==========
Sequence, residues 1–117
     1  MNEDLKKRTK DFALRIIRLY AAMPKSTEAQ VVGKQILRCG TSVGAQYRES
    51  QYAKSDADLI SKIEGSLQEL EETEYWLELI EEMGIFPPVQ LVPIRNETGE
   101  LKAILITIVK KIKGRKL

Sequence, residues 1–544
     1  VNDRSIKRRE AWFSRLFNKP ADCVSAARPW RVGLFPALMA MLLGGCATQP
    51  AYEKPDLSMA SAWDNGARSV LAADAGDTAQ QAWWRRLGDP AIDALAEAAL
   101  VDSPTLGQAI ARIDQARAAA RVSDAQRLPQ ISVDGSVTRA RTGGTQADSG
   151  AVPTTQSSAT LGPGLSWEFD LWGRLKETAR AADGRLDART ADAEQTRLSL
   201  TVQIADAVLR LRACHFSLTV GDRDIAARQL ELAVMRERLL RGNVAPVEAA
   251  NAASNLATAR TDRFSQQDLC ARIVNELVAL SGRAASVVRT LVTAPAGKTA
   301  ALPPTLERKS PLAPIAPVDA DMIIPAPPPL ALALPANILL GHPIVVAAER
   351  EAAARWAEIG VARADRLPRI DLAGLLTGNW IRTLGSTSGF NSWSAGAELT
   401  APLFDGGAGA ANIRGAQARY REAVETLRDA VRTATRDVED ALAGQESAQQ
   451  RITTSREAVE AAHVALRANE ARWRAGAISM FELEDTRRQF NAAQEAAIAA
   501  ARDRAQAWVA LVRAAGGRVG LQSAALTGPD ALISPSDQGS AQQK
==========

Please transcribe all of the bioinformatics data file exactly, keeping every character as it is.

Sequence, residues 1–117
     1  MNEDLKKRTK DFALRIIRLY AAMPKSTEAQ VVGKQILRCG TSVGAQYRES
    51  QYAKSDADLI SKIEGSLQEL EETEYWLELI EEMGIFPPVQ LVPIRNETGE
   101  LKAILITIVK KIKGRKL

Sequence, residues 1–544
     1  VNDRSIKRRE AWFSRLFNKP ADCVSAARPW RVGLFPALMA MLLGGCATQP
    51  AYEKPDLSMA SAWDNGARSV LAADAGDTAQ QAWWRRLGDP AIDALAEAAL
   101  VDSPTLGQAI ARIDQARAAA RVSDAQRLPQ ISVDGSVTRA RTGGTQADSG
   151  AVPTTQSSAT LGPGLSWEFD LWGRLKETAR AADGRLDART ADAEQTRLSL
   201  TVQIADAVLR LRACHFSLTV GDRDIAARQL ELAVMRERLL RGNVAPVEAA
   251  NAASNLATAR TDRFSQQDLC ARIVNELVAL SGRAASVVRT LVTAPAGKTA
   301  ALPPTLERKS PLAPIAPVDA DMIIPAPPPL ALALPANILL GHPIVVAAER
   351  EAAARWAEIG VARADRLPRI DLAGLLTGNW IRTLGSTSGF NSWSAGAELT
   401  APLFDGGAGA ANIRGAQARY REAVETLRDA VRTATRDVED ALAGQESAQQ
   451  RITTSREAVE AAHVALRANE ARWRAGAISM FELEDTRRQF NAAQEAAIAA
   501  ARDRAQAWVA LVRAAGGRVG LQSAALTGPD ALISPSDQGS AQQK